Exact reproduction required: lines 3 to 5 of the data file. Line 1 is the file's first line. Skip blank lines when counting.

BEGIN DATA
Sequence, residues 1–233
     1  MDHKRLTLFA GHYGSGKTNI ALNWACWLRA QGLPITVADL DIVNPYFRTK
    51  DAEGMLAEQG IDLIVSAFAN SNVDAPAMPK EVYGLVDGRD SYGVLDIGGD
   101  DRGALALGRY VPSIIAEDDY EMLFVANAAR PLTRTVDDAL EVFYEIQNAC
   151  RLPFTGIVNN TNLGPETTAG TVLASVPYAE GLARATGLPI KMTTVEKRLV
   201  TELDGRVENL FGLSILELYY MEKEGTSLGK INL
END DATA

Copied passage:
    51  DAEGMLAEQG IDLIVSAFAN SNVDAPAMPK EVYGLVDGRD SYGVLDIGGD
   101  DRGALALGRY VPSIIAEDDY EMLFVANAAR PLTRTVDDAL EVFYEIQNAC
   151  RLPFTGIVNN TNLGPETTAG TVLASVPYAE GLARATGLPI KMTTVEKRLV